Homeschool -- Am I Doing Too Much?
Take a Straight Look at Your Self-doubts
As we look at how our children are maturing and how our homeschool is operating, two questions crop up repeatedly for homeschool moms:
- Am I doing enough?
- Am I doing too much?
Sometimes those questions arise from a lack of confidence and normal self-doubt. Other times those nagging thoughts are our intuition telling us that something needs to change.
So let's squarely face the issue of doing too much. If you are doing too much, work to scale back. If you are not doing too much, then enjoy that sweet spot that you've found.
Evaluate Yourself Honestly
Which is more common -- tears or laughter?
Life has a combination of both good times and bad. Homeschool is the same. But when lessons are filled with far more tears and complaining than with happiness and compliance, it could be a sign that you are demanding too much from your children.
What prompts the tears? Is is a certain subject or a certain way of learning? Can you teach the material in a different way to make it easier or more enjoyable? Is the curriculum too difficult? Challenge is good. But too much challenge is de-motivating.
Are your children motivated and confident?
If lessons are so difficult that your child cannot succeed, his confidence may begin to suffer. As time goes on he may also withdraw from the learning activity altogether as a way to protect himself from future failure.
You do want to challenge your child. But those challenges should be attainable.
Case in point: At a homeschool conference a mom complained that her child would not sit still for his language arts lessons. After talking with her I discovered that her son was a first grader who was being asked to write an essay! No wonder he was antsy. The task he was being asked to do was simply too difficult for him.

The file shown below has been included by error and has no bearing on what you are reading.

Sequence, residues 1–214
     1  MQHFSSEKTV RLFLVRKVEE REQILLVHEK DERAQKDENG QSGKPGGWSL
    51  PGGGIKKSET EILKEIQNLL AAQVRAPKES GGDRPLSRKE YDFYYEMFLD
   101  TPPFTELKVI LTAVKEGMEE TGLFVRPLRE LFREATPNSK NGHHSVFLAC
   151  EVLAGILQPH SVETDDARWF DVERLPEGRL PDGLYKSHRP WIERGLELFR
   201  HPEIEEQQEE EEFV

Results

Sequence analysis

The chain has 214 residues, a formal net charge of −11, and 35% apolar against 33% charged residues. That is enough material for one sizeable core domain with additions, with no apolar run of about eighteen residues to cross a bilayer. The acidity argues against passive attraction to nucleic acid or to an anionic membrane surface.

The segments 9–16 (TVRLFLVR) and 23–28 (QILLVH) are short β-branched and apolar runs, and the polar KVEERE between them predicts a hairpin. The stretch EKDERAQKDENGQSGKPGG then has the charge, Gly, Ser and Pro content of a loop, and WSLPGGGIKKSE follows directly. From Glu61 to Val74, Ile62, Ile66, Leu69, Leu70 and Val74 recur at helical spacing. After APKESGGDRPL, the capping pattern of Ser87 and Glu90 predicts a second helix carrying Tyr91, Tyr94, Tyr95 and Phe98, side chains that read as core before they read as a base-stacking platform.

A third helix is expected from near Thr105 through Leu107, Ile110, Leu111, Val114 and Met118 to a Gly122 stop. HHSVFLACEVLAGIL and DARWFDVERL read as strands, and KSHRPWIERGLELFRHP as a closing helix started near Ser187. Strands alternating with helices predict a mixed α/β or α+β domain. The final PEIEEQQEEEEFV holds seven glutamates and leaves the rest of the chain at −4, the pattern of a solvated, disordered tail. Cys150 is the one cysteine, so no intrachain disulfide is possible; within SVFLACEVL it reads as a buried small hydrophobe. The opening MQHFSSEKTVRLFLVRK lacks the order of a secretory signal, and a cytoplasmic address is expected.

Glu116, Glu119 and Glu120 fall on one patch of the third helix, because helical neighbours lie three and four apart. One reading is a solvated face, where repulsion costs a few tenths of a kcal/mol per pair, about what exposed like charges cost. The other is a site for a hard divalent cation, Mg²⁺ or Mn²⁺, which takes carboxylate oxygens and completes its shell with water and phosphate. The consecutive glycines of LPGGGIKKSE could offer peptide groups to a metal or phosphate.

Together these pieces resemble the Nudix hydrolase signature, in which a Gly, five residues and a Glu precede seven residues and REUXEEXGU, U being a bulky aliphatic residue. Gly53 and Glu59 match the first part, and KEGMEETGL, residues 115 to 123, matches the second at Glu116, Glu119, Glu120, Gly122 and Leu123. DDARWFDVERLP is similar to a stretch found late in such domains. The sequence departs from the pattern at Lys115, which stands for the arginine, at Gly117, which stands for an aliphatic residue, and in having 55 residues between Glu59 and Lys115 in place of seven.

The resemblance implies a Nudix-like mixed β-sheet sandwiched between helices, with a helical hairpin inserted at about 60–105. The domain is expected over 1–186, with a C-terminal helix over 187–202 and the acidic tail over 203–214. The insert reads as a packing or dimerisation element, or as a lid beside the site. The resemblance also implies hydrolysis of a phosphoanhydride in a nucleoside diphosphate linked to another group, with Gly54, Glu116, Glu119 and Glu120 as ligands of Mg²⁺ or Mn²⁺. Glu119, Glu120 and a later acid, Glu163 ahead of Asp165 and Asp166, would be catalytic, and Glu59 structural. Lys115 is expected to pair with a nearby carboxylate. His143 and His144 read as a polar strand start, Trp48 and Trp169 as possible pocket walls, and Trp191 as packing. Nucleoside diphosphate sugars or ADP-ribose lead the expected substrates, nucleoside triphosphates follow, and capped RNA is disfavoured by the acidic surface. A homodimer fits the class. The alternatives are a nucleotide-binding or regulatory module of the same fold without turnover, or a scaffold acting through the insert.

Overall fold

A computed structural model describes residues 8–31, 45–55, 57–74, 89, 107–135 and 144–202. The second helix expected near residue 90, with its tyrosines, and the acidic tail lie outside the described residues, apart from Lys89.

A child who is in that sweet spot of challenge is usually confident and motivated to face a difficult assignment.
Do your children have time for free play and for rest?
Children should have time to just be. They need non-programmed, non-scheduled time to hang out in their rooms, read books, work on projects, play with friends, built forts and climb trees. Each child is different in what he prefers to do alone. But we all need down time to recharge our batteries and mentally process what we have experienced or learned.
If your children have no time for free play, you may be doing too much.
A Guide for Homeschool Planning
- Home Learning Year By Year
Here is a review of the book Home Learning Year by Year, linked above.
Are there genuine reasons for participating in your extra-curricular activities? Or do you do some just because they are offered?
Some homeschool families live in areas where there are a plethora of activities -- sports, church, 4H, museums, music lessons, and community service. Remember that just because those activities are worthy and available doesn't mean that you should participate.
Are you so busy that you don't regularly eat together as a family? Do you spend a lot of time in the car or van? Are you constantly rushing out the door to the next meeting? Maybe you are doing too many extra activities.
Be assured that your child will not be at a disadvantage if he misses some of those clubs and functions. Choose one or two activities that your child has a true passion for. Let the others slide, and refuse to feel any guilt about not participating.
Sleep Needs for Children
Age of Child
Hours of Sleep Daily
What About Sleep?
Are your children exhausted?
During homeschool time, do your children have a hard time keeping their heads up? Do they slouch on the table?
Are your committments so great that your children are sacrificing sleep? Be sure to vigilantly protect the required hours of sleep your children need.
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